Line_25kV_4wires.mat | 25-k V, three-phase distribution feeder with accessible neutral conductor. |
Line_315kV_2circ.mat | 315-k V, three-phase, double-circuit line using bundles of two conductors. Phase numbering is set to obtain the RLC parameters of the two individual circuits (six-phase line). |
Line_450kV.mat | Bipolar +/−450-k V DC line using bundles of four conductors. |
Line_500kV_2circ.mat | 500-k V, three-phase, double-circuit line using bundles of three conductors. Phase numbering is set to obtain the RLC parameters of the three-phase line circuit equivalent to the two circuits connected in parallel. |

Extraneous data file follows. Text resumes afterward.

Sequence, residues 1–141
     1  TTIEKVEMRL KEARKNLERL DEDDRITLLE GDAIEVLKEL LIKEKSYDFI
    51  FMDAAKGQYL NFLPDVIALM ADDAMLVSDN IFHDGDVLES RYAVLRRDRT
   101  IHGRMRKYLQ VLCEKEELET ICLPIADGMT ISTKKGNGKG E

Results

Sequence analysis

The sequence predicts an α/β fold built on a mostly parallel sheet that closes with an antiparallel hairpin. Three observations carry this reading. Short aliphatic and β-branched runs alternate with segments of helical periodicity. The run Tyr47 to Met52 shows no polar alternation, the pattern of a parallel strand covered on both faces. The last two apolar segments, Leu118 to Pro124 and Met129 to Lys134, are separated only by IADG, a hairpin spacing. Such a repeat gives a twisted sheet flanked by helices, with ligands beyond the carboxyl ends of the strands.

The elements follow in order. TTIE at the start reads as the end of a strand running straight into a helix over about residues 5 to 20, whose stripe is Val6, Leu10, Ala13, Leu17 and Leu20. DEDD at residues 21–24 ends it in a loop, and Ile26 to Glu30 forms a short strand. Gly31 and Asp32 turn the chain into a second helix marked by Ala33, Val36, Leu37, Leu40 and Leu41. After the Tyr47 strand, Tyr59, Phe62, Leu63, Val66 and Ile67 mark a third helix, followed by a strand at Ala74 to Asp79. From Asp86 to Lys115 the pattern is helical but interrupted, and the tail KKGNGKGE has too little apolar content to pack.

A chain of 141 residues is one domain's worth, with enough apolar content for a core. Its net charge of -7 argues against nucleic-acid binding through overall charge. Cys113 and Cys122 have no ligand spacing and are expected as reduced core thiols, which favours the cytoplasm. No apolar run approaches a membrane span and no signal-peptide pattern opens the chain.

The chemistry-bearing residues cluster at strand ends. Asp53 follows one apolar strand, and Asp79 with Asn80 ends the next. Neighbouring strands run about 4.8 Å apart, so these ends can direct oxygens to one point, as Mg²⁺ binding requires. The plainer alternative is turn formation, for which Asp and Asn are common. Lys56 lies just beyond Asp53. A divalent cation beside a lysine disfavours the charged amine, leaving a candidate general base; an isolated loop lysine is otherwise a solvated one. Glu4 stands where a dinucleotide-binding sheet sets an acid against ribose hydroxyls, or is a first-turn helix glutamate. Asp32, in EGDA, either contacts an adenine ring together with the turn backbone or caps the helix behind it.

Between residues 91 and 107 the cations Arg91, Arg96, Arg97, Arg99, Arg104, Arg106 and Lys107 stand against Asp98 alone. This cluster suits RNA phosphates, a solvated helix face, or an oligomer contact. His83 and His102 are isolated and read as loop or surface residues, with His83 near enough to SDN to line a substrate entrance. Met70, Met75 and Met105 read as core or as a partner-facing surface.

Line_735kV.mat | 735-k, V three-phase, line using bundles of four conductors. |
Opens a browser window letting you select your own line data. Select the desired .mat file.
Saves your line data by generating a .mat file that contains the GUI information and the line data.
Computes the RLC parameters. After completion of the parameters computation, results are displayed in a new window, entitled Display RLC Values.
When you click the Compute RLC line parameters, the Display RLC Values window opens. In this window, you can view and download parameters into your workspace and into your transmission line models.
The frequency and ground resistivity used for evaluation of the R, L, and C matrices are displayed first. Then the computed RLC parameters are displayed.
Note The R, L, and C parameters are always displayed respectively in ohms/km, henries/km, and farads/km, even if the English units specify the input parameters. |